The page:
|US20050161860 *||Feb 12, 2003||Jul 28, 2005||Manfred Lausenhammer||Cooling system for sleeves that are fixed to a carrier plate|
|US20050276880 *||Aug 19, 2005||Dec 15, 2005||Fuji Photo Film Co., Ltd.||Heat exchange apparatus for a metal mold|
|US20050278928 *||Jul 15, 2003||Dec 22, 2005||Claude Barlier||Mechanical component having at least one fluid transport circuit and method for designing same in strata|
|US20060003066 *||Aug 22, 2005||Jan 5, 2006||Kennedy Thomas J||Device and method for forming multiple rows of meat patties|
|US20060034989 *||May 20, 2003||Feb 16, 2006||Tetra Laval Holding & Finance S.A.||Method, system and mould-box for creating form-moulded items of edible ice|
|US20060142884 *||Feb 6, 2003||Jun 29, 2006||Claude Barlier||Method of optimising the joints between layers in modelling or prototyping involving layer decomposition, and parts thus obtained|
|US20070013090 *||Sep 22, 2006||Jan 18, 2007||Shinji Takase||Method of resin-sealing and molding an optical device|
|US20070042075 *||Aug 22, 2005||Feb 22, 2007||Christopher Cavallaro||Fast thermal response mold|
|US20070110839 *||Jan 12, 2007||May 17, 2007||Shinji Takase||Resin-sealing and molding apparatus of optical device|
|US20070132135 *||Feb 6, 2007||Jun 14, 2007||Towa Corporation||Manufacturing method of optical electronic components and optical electronic components manufactured using the same|
|US20080020081 *||Jul 21, 2006||Jan 24, 2008||Wilson Robert A||Replaceable mold cavities|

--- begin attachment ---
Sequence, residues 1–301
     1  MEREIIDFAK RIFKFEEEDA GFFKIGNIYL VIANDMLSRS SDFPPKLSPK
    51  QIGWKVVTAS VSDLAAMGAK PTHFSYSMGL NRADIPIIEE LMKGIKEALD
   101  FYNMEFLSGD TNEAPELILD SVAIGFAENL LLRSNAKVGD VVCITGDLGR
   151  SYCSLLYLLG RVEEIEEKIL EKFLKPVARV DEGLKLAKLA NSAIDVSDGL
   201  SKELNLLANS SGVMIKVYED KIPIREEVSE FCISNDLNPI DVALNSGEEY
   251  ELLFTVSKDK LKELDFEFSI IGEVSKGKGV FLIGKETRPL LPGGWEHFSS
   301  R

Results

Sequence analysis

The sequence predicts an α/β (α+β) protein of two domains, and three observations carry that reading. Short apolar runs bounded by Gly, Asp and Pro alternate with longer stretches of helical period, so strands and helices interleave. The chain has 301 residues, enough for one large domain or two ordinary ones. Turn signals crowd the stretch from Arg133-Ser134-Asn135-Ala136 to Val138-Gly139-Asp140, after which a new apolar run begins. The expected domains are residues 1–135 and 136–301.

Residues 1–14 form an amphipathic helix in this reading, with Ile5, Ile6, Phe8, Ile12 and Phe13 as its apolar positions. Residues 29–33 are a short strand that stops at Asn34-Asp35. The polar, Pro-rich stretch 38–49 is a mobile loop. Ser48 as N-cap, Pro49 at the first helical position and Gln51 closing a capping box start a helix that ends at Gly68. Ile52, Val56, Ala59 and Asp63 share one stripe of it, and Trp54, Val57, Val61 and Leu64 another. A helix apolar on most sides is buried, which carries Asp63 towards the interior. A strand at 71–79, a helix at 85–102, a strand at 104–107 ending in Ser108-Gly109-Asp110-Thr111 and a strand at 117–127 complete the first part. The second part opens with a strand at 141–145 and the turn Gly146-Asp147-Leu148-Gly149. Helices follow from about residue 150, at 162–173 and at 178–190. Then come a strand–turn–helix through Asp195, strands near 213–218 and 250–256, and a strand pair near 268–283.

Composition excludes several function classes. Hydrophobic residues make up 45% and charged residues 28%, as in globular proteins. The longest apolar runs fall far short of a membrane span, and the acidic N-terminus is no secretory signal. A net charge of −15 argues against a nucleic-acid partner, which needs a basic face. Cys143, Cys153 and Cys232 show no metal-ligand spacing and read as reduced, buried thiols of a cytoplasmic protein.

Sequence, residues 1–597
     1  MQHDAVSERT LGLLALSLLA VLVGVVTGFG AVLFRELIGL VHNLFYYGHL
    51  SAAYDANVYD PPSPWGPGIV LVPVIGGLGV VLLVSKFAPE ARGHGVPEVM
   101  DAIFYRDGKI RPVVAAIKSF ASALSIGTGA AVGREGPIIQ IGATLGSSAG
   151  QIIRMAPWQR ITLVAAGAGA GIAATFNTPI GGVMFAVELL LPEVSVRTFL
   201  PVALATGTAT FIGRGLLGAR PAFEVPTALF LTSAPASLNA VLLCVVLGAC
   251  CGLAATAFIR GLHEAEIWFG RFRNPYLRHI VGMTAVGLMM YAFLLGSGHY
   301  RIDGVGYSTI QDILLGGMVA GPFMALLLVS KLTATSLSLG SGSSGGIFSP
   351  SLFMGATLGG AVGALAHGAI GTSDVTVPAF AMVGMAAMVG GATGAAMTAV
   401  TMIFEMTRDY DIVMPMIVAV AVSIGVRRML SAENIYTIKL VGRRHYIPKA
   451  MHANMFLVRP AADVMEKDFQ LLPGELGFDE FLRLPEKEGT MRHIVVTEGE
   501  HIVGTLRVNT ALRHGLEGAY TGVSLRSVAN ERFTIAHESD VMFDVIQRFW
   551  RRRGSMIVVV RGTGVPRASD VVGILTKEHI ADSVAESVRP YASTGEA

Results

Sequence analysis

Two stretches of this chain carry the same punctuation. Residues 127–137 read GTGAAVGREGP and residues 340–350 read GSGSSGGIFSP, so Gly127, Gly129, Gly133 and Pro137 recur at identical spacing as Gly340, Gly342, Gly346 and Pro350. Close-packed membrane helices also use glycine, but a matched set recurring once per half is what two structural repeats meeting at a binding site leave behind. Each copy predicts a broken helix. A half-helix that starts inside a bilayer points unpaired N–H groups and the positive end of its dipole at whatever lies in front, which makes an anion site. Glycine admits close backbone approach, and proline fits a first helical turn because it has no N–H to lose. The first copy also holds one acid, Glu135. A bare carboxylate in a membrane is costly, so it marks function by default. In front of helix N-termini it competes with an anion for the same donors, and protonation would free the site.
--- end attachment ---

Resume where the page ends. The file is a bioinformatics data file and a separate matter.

|US20080244887 *||Jun 11, 2008||Oct 9, 2008||Claude Barlier||Plates and prototype workpieces produced with a device for performing a fast prototyping process|
|US20080265448 *||Jun 27, 2008||Oct 30, 2008||Takeshi Ashida||Method transparent member, optical device using transparent member and method of manufacturing optical device|
|US20090258189 *||Oct 15, 2009||Shinji Takase||Optical electronic component|
|US20100003357 *||Jul 7, 2008||Jan 7, 2010||Ajay Vora||Golf ball mold|
|U.S. Classification||425/407, 249/81, 425/408, 249/79, 425/552, 249/119, 425/547|
|International Classification||B29C43/36, B29C43/00, B29C33/04, A63B45/00, B29C43/52, B29C33/00, B29C35/04, B29L31/54, B29C33/02|
|Cooperative Classification||Y10S264/65, B29C33/04, B29C33/0022, B29C35/049, B29C33/048, B29C2033/042, B29C43/00, B29L2031/54|
|European Classification||B29C33/04, B29C33/00C|
|Jul 20, 2001||FPAY||Fee payment|
Year of fee payment: 4
|Sep 28, 2005||REMI||Maintenance fee reminder mailed|
|Mar 10, 2006||LAPS||Lapse for failure to pay maintenance fees|
|May 9, 2006||FP||Expired due to failure to pay maintenance fee|
Effective date: 20060310